Here's one of the reproduction bases I made.  Each one is comprised of two layers, one for the bullnose and a second for the cove.  First I built splined hexagons of the proper thickness. I decided to make complete circles because they'd be stronger (and thus safer) when it came time to cut profiles on the shaper.   I then established the circumference of each circle with a router compass, and sawed off the waste on the band saw.  After flush-trimming to the initial routed circumference, I passed off the blanks to our brilliant shaper man who cut the profiles.    Then all that was left was to glue the bullnose circle to the cove circle and cut the flat across the back which will presumably sit against an exterior wall.

This week I also made the box columns below out of 5/4" fir.  Making box columns is a giant snore, and they usually don't land on my bench, but this order included one that was L-shaped in cross-section, which you can see sitting on top of the pile.

On Thursday and Friday I worked on reproducing this rotten foundation louver.  Usually we make new custom louvers out of PVC, but this particular customer thankfully wanted them out of fir.  I didn't take a picture of the backside, but it's a little odd.  I'll take appropriate photos of the reproductions and explain in a future post.

Before I sign off for the day, I'd like to draw your attention to the new link I've posted on the right-hand side of this page.  It's an incredible resource about Stanley and Bedrock planes.  Check it out if you ever need any info about the hand planes in your collection.  

Monday, October 01, 2007

Woodworking Sites I like

In lieu of anything interesting to photograph at work, I thought I'd post links to some of the woodworking sites I frequent. If you know of cool sites I'm missing in this not-at-all-exhaustive list, please leave a comment.

When I want to drool over amazing mid-20th century machines (like the Tannewitz band saw I very nearly won at auction last week), I head to the Old Woodworking Machines site. There you can find all kinds of useful information, including years of manufacture, parts lists, photographs, and so on. I've found it very helpful recently while restoring the old Craftsman lathe I inherited from my grandfather. By the way, it's a good thing I lost that auction for the Tannewitz--after I'd placed my high bid, further research uncovered the fact that the thing weighs 3000 lbs. I think that's more than my car.

Many people think that Garrett Wade is the best catalog for tools, and while it is very nice, I prefer Lee Valley. They produce three catalogs, one each for woodworking, woodworking hardware, and gardening. Each one is good for many hours of couch-based perusal. I recently bought a set of their hardened steel scrapers and have been wowed by their performance. Ditto for the rare earth magnets they sell.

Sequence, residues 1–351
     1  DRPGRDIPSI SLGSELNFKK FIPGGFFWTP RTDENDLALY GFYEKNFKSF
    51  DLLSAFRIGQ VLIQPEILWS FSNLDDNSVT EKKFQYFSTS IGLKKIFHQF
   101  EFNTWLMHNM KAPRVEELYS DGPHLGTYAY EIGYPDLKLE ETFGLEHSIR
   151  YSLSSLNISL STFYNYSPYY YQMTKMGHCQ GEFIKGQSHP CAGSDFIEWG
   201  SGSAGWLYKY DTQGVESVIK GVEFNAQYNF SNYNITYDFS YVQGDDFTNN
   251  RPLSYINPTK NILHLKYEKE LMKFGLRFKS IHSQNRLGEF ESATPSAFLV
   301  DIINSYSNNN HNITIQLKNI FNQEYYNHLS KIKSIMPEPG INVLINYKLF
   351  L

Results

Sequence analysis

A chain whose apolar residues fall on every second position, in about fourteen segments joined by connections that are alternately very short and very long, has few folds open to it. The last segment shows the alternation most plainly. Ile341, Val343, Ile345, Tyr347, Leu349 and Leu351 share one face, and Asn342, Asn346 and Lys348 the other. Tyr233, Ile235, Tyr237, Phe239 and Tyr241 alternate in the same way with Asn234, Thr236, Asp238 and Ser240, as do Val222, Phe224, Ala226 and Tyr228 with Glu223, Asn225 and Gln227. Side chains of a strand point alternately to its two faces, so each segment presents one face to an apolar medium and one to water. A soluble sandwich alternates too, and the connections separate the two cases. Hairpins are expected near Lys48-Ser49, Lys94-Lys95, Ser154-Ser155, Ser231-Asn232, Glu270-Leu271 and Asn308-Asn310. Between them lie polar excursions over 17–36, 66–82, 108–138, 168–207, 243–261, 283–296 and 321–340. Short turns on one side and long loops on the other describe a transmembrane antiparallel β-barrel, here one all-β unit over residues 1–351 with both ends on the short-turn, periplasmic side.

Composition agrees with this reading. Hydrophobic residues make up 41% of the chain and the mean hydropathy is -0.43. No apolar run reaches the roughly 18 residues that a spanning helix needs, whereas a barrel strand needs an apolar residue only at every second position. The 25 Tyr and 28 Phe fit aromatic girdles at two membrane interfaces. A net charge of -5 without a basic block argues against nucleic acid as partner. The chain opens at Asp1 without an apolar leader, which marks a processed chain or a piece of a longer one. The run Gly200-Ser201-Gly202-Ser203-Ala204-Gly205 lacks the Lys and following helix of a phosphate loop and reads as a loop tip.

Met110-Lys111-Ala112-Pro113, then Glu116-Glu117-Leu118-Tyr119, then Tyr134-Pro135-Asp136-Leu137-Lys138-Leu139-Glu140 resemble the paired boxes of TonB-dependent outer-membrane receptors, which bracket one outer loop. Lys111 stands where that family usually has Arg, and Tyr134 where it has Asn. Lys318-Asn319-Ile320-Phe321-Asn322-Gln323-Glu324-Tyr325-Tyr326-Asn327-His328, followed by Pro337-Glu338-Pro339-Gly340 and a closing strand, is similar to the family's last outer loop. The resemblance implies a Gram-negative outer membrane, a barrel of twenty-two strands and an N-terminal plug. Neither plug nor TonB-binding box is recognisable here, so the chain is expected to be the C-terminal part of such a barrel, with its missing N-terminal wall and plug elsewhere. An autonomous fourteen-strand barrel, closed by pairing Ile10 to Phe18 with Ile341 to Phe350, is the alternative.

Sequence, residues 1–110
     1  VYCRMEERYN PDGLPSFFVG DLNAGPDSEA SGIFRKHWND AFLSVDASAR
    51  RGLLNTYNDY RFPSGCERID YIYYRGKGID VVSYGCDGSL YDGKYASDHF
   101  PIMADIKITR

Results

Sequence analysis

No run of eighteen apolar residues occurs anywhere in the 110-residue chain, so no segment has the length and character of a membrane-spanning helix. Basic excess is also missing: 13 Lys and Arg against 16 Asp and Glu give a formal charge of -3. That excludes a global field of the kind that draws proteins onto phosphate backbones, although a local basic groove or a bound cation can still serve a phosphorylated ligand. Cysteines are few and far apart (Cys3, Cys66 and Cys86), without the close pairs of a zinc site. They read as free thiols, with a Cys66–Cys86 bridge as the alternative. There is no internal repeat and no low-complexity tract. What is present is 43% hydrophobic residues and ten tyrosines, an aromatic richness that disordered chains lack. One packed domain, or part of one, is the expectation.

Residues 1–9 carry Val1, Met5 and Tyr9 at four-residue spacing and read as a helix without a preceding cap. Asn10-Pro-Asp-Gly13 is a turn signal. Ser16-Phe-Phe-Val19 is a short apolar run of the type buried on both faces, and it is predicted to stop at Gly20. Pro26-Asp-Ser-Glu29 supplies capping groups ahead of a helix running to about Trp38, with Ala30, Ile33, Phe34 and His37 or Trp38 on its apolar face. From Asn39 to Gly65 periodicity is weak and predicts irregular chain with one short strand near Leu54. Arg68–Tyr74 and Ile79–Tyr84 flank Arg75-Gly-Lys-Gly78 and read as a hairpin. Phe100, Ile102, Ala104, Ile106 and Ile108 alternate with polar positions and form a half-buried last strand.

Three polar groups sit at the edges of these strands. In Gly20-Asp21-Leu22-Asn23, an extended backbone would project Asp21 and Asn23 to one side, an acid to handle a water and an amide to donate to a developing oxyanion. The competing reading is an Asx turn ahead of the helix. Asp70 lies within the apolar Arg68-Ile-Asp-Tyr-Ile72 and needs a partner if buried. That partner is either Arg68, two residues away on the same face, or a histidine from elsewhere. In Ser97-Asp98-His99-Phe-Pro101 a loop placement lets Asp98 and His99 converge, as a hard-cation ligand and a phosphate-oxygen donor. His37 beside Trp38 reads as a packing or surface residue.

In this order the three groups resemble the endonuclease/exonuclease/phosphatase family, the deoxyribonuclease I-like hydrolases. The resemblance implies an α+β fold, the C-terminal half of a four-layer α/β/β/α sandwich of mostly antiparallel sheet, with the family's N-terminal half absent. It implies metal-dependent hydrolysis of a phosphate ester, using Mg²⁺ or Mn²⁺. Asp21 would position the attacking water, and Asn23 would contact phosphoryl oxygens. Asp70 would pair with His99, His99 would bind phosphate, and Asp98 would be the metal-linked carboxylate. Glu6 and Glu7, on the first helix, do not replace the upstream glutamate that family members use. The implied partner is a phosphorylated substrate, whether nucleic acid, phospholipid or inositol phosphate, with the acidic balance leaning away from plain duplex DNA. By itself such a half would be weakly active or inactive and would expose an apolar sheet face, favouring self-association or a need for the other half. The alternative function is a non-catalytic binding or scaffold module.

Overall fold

If you're curious about state-of-the-art "wood technology" equipment, head over to the Stiles Machinery site. If you work in a shop like the ones I've worked in, then the products on offer at Stiles may look like science fiction. But they're real! I swear! I've seen them.

WoodWeb is a useful site for all kinds of things, but I mostly look at it to find old machines for sale and for woodworking jobs. It's not that I'm looking for a job, mind you--I just like to know what's out there. You know how it is. If you go to WoodWeb looking for machines, be sure to try the Woodworking Machinery Finder a ways down the left-most column on the home page; it's different than the online classifieds.

Industrial Recovery Services seems like kind of a sad business to me, but I'm sure glad they're out there. They liquidate old mills and shops that go under, and there are incredible deals to be had at their auctions. I just got a 72" machinist's straight edge for well-under what a new 36" one would cost. I love precision measuring instruments. A lot. This is where my wife would fake pushing a pair of glasses up the bridge of her nose while cough-speaking: "NERD." Takes one to know one!

Lastly, I mention Fine Woodworking because the online subscription, which is about $5.00 per month is an incredible resource. I use it over and over again and I can't overstate its utility. I wish I could say the good people at Taunton Press were paying me to say this, but they're not. If you want to avoid reinventing the wheel before attempting some new process in the shop, do two quick keyword searches at the Fine Woodworking site--one that searches the magazine's archives and a second in the "Knots" forum, where other subscribers share their techniques and insights.